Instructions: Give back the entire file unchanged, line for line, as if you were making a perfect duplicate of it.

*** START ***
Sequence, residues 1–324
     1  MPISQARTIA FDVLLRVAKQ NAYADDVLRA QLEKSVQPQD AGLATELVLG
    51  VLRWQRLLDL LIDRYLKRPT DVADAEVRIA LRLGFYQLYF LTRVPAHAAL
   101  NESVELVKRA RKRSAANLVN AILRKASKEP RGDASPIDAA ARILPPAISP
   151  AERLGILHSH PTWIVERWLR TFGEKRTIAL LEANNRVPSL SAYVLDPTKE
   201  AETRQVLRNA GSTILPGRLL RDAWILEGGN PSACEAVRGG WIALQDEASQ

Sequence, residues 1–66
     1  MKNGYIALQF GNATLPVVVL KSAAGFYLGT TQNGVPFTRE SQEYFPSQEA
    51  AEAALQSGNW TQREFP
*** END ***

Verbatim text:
Sequence, residues 1–324
     1  MPISQARTIA FDVLLRVAKQ NAYADDVLRA QLEKSVQPQD AGLATELVLG
    51  VLRWQRLLDL LIDRYLKRPT DVADAEVRIA LRLGFYQLYF LTRVPAHAAL
   101  NESVELVKRA RKRSAANLVN AILRKASKEP RGDASPIDAA ARILPPAISP
   151  AERLGILHSH PTWIVERWLR TFGEKRTIAL LEANNRVPSL SAYVLDPTKE
   201  AETRQVLRNA GSTILPGRLL RDAWILEGGN PSACEAVRGG WIALQDEASQ

Sequence, residues 1–66
     1  MKNGYIALQF GNATLPVVVL KSAAGFYLGT TQNGVPFTRE SQEYFPSQEA
    51  AEAALQSGNW TQREFP